Eddie and Citra visit one of the party guests, Herman Zaal, who evinced a morbid fascination with the details of Ric’s death. Herman runs a true crime museum and knows the details of Jasmijn Brahm’s case well. But he says Ric sought him out, not the other way around. Ric was fascinated by evil and loved Herman’s museum.

Van der Valk and Dahlman meet with Jasmijn’s handler, Hanna Zuiderduin, to try to arrange a meeting. Hanna is protective of Jasmijn, and insists that Jasmijn couldn’t have committed the crime; Hanna knows her too well. She suggests that Van der Valk’s work on the original case might affect his objectivity, and insists that he plays by the rules. But she agrees to speak with Jasmijn and her husband—they have two kids now, and reside in Amsterdam. Jasmijn now lives under the name Lauren Teuling and is a journalist.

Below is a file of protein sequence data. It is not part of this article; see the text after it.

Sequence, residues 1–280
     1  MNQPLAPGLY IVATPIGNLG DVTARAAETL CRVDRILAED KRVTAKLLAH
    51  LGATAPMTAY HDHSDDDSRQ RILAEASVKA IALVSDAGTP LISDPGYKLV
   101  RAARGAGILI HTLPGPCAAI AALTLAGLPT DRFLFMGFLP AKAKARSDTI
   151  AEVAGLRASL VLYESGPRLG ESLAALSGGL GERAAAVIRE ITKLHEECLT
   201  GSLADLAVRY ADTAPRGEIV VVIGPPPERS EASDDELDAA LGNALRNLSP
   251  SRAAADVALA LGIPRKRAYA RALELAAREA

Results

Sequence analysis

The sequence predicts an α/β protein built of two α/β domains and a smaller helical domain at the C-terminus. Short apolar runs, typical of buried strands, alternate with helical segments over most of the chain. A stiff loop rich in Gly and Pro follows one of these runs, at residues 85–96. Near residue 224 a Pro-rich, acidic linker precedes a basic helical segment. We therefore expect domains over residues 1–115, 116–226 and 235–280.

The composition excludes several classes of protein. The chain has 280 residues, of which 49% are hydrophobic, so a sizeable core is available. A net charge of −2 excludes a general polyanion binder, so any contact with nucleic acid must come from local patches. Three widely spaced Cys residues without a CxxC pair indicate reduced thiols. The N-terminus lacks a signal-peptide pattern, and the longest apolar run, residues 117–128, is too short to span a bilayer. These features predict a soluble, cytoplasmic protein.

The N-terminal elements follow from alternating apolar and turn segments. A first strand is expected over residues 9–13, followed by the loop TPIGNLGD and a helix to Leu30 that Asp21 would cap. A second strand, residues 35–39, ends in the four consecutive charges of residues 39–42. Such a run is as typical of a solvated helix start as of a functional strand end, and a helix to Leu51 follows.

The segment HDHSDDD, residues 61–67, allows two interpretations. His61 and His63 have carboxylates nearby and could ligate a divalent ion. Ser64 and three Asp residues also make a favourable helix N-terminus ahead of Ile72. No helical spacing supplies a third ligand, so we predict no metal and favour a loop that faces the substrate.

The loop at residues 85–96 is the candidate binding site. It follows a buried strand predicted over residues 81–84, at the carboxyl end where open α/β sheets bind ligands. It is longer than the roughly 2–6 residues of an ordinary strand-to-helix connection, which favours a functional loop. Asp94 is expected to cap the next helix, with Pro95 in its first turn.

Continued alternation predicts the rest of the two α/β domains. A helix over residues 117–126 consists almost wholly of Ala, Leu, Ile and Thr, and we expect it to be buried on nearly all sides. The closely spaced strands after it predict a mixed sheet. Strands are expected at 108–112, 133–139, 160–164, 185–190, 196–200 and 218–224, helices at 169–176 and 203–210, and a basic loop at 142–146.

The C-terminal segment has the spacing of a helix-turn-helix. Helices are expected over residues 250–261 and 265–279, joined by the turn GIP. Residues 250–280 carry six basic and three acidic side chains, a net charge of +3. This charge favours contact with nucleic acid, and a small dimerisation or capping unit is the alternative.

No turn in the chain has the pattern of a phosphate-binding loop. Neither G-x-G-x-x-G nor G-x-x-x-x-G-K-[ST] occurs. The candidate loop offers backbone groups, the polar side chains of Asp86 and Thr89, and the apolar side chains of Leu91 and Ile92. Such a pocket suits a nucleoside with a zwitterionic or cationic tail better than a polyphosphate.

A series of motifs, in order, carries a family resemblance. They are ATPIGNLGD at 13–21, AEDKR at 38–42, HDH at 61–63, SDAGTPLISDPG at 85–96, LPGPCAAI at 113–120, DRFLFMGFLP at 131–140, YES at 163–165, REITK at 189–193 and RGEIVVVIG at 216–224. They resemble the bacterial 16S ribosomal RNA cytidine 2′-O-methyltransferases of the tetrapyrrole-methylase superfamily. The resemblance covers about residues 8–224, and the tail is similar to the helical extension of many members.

Lauren’s husband wants to protect her privacy, but she herself agrees to meet with the police: she has nothing to hide. When she does meet Lucienne and Van der Valk with Hanna, she explains that she hasn’t seen Ric since twenty years ago. He did write to her in prison, asking why she killed her brothers, but she later learned that her response was intercepted. It never got to him.

When the interview wraps up, Hanna says that any further contact must be through her. But Van der Valk sets Eddie and Citra to follow them and see where Lauren lives.

Jan calls Van der Valk and asks to meet him immediately at a greenhouse. Van der Valk tries to slip away, but Dahlman insists on coming with him. Jan calls again while they’re on the way, and says that he thinks somebody is after him. He’s interrupted, and then there’s a yell. When Van der Valk and Dahlman arrive, Jan is on the ground, pushed off a catwalk. He tells Van der Valk to look after “her”—perhaps meaning Dahlman, perhaps meaning his wife and daughters, perhaps meaning Lauren. Then he dies.